Iranian-American Hoo reacts to Trump’s Muslim Ban

‘The ideas of xenophobia and islamophobia need to come to end. At the end of the day we are all human and that’s what really matters.’

If you have any social media or news platforms readily available in your life, you know that per President Trump’s executive order, citizens of seven Muslim-majority countries (Iran, Iraq, Libya, Sudan, Somalia, Yemen and Syria) are banned from entering the US for 90 days. The order also suspends the refugee system for 120 days. Trump’s reasoning for such action comes with his belief that this system will “keep radical Islamic terrorists out of the US.”

Muslim minorities present throughout the UVA student body feel strongly about the executive order, especially First Year Mehron Kouhestani.

Tell us a little about where you and your family come from.

My name is Mehron Kouhestani and I’m an 18 year-old Iranian-American. I was born in Norfolk, VA and raised in Virginia Beach, VA my whole life. My parents were born and raised in Iran. My father was born in Tehran and my mom is from Shiraz who later moved to Tehran because of the Revolution happening in Iran. Both my father and mother left Iran to come to America for better opportunity and freedom. They dropped everything to move to America to live life to the fullest.

Have you visited Iran recently?

The most recent time I visited Iran was this past winter break for nearly a month. The time before that was 11 years ago. The reason it took so long for us to go back was because it was difficult and my family from Iran would get green cards and visit us every year or so. One concern my parents had that didn’t allow us to travel was the possibility of me getting drafted into the military since my brother and I have dual-citizenship. When I went to Iran this past break, I thoroughly enjoyed it. I got to reunite with my family that I hadn’t seen for 11 years and meet family I’ve never met before/never knew I had. I also visited multiple historical sites and bazaars.

Mehron at Golestan Palace in Tehran

What was your initial reaction when you heard of the Muslim ban?

When I first heard about the Muslim ban and the 7 countries being banned entry, my heart dropped. I felt as if my family was being targeted by the government. I’ve had cousins for years try to come here for freedom and now that chance is gone. My cousin’s wedding is coming up and my family from Iran was going to come but now they are hesitant even though the wedding is past the 90 day temporary ban. I called my parents and talked about it and received multiple text messages from friends and past teachers telling me it is going to be okay. So, needless to say, I’ve definitely gotten an overwhelming amount of support from the people around me about this whole issue.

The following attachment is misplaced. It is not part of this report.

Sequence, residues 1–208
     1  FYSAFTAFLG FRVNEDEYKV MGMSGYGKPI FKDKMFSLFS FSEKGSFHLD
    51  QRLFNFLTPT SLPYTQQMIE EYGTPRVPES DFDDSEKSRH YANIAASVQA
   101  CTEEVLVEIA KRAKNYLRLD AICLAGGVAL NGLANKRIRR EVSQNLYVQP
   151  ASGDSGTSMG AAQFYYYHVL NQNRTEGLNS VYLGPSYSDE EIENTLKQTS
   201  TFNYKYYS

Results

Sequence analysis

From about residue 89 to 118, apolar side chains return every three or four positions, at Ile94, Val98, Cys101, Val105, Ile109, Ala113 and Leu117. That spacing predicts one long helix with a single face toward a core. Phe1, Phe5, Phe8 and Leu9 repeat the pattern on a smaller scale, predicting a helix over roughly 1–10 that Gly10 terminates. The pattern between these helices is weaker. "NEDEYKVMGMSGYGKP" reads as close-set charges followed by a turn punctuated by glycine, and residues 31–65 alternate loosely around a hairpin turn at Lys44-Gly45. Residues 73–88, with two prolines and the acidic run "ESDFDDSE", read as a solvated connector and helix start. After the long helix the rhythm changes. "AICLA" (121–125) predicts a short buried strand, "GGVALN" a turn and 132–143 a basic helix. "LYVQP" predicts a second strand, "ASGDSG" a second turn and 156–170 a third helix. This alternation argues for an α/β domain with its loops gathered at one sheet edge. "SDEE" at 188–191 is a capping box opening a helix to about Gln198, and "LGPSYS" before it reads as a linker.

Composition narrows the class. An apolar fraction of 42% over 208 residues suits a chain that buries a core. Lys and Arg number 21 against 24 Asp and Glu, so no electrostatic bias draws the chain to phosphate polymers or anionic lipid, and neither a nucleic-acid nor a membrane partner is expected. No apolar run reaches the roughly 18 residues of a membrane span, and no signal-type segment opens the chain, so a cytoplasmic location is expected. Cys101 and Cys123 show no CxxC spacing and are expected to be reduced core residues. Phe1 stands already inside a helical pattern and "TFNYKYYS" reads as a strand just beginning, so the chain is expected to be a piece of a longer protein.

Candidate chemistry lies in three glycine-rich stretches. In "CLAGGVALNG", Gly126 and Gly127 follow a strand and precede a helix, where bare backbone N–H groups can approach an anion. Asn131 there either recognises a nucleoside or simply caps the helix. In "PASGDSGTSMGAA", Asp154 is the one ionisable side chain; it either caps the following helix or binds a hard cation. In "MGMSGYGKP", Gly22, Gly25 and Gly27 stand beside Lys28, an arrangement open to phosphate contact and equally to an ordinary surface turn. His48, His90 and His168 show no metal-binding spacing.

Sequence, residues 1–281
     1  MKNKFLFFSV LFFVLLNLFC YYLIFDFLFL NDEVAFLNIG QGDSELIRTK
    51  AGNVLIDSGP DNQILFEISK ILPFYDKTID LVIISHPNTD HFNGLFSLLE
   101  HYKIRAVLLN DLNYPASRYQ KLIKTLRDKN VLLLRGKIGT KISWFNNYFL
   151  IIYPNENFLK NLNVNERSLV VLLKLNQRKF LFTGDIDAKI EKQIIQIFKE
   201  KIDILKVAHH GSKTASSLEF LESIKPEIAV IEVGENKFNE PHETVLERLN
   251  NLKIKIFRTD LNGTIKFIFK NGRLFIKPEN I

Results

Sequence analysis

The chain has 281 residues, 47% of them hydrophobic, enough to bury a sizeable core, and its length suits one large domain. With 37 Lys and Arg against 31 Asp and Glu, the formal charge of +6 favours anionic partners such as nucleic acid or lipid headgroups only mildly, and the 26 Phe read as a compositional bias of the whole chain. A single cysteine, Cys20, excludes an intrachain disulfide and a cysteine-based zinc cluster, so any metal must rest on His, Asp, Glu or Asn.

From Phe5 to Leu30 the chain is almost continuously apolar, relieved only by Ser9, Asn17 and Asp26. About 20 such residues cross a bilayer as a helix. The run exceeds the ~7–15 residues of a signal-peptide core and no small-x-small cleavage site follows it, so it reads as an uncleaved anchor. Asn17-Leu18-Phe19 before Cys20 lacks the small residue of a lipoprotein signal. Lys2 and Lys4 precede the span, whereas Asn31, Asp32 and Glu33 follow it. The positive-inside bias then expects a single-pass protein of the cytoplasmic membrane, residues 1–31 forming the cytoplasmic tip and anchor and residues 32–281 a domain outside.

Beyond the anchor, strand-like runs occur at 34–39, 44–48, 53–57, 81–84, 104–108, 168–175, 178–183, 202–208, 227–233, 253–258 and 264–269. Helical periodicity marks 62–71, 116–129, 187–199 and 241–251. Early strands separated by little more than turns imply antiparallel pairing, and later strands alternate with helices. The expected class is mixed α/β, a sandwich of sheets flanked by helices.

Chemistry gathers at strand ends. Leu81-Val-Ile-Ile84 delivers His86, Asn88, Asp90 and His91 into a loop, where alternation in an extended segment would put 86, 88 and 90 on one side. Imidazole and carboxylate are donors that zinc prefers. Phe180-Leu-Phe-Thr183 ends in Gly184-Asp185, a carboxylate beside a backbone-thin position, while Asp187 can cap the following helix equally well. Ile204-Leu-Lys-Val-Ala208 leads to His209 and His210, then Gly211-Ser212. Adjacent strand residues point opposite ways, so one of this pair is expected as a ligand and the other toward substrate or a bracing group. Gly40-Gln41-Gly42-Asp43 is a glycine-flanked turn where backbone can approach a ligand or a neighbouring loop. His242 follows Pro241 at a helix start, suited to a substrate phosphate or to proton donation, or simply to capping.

How did your family react?

My whole family is devastated by this irrational executive order. We overall feel threatened (to a certain extent) by the government. My family and a lot of other people are at a loss of words with this situation. The best way to handle this is to make our voices be heard and prove the Trump administration wrong, whether it be protesting or signing petitions.

What would you say to a Trump supporter of the ban, if you could?

I do not practice Islam, but to a Trump supporter who supports this executive order, I would say that this executive order is discriminatory, detrimental and a waste of time. This is only making things worse with the whole situation in the Middle East. I know very little about Middle Eastern conflicts, but this executive order seems to be a war against Islam rather than national security. This executive order doesn’t make sense because there have been zero recorded fatalities by extremists in the US from the countries that are banned. It just doesn’t make any sense.

How do you think this is going to affect your life for the next hundred days or so?

For the next 100 days or so, I’m not going to travel outside of the country because I don’t even remotely want to take a chance. I will continue going to events and sign petitions that condemn this executive order. The ideas of xenophobia and islamophobia need to come to end. At the end of the day we are all human and that’s what really matters.

In the end, Mehron is proud of his culture and will do anything to fight for it

Do you have anything else you would like to say?

I can’t wait for the day my cousins and family can easily come to America and live as freely as we do practicing any religion they want to without being persecuted.

University of Virginia